Given the fact that Adorno’s theories imply utopian ideals, in a world that arguably offers the opposite, an understanding of his work suggests a need to have an objective cultural understanding of relative totality; a level of understanding which few individuals currently possess. A downside of this where Adorno’s work is concerned, however, comes in the form of Dunning and Kruger’s psychological conclusion:
‘The miscalibration of the incompetent stems from an error about the self [the unwillingness to accept a lack of knowledge or understanding, or simply the lack of knowledge of any shortcomings that they may have], whereas the miscalibration of the highly competent stems from an error about others [The belief that others have the capacity of understanding that they do]’(Dunning and Kruger, 1999, p. 1127).
Adorno’s own writing style can be argued to reinforce the latter claim within Dunning and Kruger’s conclusion. Consider the following:
‘Adorno can be very difficult to read. He writes in a manner which does not lend itself to ready comprehension. This is intentional. Adorno views language itself as having become an object of, and vehicle for, the perpetuation of domination…His answer to this problem, although not intended to be ultimately satisfying, is to write in a way that requires hard and concentrated efforts on the part of the reader, to write in a way that explicitly defies convention and the familiar’(Fagan, n.d).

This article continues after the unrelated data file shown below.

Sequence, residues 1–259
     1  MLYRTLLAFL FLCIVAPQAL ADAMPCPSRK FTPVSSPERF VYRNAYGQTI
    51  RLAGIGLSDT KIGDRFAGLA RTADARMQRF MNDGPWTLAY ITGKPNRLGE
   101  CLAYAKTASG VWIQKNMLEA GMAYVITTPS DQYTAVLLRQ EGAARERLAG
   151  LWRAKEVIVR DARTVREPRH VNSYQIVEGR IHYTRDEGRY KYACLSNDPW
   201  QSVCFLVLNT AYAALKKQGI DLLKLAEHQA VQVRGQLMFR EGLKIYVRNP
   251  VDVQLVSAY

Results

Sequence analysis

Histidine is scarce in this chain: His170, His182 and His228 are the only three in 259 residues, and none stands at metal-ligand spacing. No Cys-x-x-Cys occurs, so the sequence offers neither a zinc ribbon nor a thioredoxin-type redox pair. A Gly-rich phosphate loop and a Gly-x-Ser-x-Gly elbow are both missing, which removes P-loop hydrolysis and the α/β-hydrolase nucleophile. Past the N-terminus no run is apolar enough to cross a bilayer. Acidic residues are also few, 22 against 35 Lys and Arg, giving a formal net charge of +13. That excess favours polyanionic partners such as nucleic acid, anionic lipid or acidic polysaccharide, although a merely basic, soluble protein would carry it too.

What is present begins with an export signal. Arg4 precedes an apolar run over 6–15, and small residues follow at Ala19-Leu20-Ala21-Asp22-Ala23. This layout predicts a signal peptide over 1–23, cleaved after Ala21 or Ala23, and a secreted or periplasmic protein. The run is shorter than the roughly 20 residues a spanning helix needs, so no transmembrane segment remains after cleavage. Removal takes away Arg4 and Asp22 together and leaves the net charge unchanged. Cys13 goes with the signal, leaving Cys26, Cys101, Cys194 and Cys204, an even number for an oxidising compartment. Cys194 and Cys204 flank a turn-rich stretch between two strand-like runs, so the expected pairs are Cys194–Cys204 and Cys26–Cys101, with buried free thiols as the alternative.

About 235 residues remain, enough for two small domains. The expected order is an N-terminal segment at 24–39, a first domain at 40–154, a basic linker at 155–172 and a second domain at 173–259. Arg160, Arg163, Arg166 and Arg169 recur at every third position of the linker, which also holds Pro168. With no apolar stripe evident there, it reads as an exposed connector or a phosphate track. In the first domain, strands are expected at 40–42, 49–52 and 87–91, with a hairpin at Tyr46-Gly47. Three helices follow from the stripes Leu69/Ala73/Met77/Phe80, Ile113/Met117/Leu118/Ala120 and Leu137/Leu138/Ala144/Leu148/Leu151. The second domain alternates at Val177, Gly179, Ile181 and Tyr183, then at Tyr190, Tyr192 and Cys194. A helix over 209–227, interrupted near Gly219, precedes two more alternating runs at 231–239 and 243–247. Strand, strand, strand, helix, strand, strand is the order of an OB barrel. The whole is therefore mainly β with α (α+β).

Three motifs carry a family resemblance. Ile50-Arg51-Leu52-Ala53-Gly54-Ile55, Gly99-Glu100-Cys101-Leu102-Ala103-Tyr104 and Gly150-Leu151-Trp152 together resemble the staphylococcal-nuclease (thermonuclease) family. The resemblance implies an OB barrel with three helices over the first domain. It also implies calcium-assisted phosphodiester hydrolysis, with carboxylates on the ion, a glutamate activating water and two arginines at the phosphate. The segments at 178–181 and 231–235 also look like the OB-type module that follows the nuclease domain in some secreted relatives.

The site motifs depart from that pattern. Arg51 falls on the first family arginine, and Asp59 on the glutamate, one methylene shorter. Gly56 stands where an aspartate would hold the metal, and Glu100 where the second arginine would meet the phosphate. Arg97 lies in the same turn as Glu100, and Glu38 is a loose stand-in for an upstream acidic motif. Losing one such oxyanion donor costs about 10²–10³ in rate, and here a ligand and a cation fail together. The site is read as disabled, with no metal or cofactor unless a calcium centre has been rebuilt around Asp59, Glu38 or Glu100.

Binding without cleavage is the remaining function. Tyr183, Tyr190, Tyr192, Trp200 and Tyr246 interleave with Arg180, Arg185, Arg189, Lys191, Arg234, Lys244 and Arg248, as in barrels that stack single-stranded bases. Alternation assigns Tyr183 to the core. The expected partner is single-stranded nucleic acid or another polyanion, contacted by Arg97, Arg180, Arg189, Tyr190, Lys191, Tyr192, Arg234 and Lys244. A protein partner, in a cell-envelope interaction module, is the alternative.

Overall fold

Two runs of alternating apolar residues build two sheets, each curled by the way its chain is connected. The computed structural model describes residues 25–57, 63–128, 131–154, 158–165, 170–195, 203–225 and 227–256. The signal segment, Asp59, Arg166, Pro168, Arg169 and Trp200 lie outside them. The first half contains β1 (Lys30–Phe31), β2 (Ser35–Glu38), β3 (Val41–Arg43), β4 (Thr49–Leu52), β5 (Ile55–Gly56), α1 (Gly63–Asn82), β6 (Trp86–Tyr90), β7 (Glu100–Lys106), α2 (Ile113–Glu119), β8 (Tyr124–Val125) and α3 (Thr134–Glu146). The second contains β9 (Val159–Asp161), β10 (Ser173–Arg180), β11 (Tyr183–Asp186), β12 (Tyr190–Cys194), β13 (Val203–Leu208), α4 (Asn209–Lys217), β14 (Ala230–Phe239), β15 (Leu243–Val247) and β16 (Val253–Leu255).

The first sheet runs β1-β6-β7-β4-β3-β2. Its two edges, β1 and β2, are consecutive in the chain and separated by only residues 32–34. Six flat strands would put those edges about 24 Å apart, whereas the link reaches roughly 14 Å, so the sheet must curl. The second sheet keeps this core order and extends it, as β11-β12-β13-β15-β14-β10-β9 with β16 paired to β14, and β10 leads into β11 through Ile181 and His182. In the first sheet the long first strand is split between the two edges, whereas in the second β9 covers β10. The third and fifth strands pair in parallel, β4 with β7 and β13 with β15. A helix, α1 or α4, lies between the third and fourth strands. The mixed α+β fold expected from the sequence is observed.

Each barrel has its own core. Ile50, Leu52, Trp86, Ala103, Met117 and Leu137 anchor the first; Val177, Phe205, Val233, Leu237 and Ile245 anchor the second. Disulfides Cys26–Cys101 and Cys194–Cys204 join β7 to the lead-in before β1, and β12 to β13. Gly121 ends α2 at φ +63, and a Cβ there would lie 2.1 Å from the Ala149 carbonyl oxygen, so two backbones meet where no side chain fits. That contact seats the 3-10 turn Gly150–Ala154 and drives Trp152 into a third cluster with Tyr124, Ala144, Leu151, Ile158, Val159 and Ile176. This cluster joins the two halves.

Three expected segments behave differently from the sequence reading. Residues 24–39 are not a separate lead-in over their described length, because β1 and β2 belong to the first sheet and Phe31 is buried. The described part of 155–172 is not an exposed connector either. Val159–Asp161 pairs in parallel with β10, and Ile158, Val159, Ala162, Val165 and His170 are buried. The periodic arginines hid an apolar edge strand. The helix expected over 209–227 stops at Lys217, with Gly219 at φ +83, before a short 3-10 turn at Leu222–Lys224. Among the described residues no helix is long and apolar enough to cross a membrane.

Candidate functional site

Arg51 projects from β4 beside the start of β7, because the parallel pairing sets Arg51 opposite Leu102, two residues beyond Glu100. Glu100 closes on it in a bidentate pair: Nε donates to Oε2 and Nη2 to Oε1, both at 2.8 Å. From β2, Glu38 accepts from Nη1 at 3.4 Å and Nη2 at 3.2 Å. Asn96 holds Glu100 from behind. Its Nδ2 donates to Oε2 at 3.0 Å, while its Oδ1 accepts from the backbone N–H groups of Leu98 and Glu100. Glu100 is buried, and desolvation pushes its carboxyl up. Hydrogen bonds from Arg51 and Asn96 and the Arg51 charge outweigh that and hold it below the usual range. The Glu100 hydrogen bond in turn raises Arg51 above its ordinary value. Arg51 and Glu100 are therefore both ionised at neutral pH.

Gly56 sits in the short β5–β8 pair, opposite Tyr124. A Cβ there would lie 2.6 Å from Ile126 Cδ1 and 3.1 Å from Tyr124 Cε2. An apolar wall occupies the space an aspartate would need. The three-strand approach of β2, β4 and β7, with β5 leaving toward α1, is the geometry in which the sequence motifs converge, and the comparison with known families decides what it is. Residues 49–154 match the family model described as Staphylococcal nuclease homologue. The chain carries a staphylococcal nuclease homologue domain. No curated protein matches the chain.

In psychological terms, Adorno appears to be doing precisely what Dunning and Kruger describe as the miscalculation of the highly intelligent. He seems to be expecting his readers to possess his own levels of cultural understanding, and thus possess the cognitive ability to interpret his often convoluted prose identically to himself. It seems hardly surprising, then, that his style of projection often has the adverse tendency to divide, rather than unite, his audience. To Adorno, his style of writing forces his receptive audience into a mode of deep independent thought through the use of convoluted language which the reader must prise into objective reason. To his audience, he often comes across as unnecessarily pretentious; immediately putting into place, for many, an element of cognitive bias and rejection. He expects too much of his readers and often his readers are unable to adhere to those expectations; not through the innate lack of intelligence needed to process his concepts individually per se, but arguably through the lack of knowledge of the lack of knowledge needed to process his concepts in their totality.